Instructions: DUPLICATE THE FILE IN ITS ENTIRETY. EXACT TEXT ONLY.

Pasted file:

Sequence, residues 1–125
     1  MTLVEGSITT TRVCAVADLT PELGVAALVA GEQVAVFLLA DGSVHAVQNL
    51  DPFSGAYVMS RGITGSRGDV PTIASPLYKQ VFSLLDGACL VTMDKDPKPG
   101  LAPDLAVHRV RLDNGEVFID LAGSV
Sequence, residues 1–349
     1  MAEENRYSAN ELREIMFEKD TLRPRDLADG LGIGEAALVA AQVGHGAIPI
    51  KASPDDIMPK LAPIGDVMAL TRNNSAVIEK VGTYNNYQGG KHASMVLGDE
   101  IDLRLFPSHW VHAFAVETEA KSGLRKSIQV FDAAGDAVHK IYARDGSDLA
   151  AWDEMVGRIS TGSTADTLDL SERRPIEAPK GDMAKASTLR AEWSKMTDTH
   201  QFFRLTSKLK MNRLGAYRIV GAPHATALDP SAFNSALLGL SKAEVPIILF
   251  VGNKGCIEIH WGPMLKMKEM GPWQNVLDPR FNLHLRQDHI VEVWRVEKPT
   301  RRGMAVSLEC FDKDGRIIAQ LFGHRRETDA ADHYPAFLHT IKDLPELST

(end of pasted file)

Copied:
Sequence, residues 1–125
     1  MTLVEGSITT TRVCAVADLT PELGVAALVA GEQVAVFLLA DGSVHAVQNL
    51  DPFSGAYVMS RGITGSRGDV PTIASPLYKQ VFSLLDGACL VTMDKDPKPG
   101  LAPDLAVHRV RLDNGEVFID LAGSV
Sequence, residues 1–349
     1  MAEENRYSAN ELREIMFEKD TLRPRDLADG LGIGEAALVA AQVGHGAIPI
    51  KASPDDIMPK LAPIGDVMAL TRNNSAVIEK VGTYNNYQGG KHASMVLGDE
   101  IDLRLFPSHW VHAFAVETEA KSGLRKSIQV FDAAGDAVHK IYARDGSDLA
   151  AWDEMVGRIS TGSTADTLDL SERRPIEAPK GDMAKASTLR AEWSKMTDTH
   201  QFFRLTSKLK MNRLGAYRIV GAPHATALDP SAFNSALLGL SKAEVPIILF
   251  VGNKGCIEIH WGPMLKMKEM GPWQNVLDPR FNLHLRQDHI VEVWRVEKPT
   301  RRGMAVSLEC FDKDGRIIAQ LFGHRRETDA ADHYPAFLHT IKDLPELST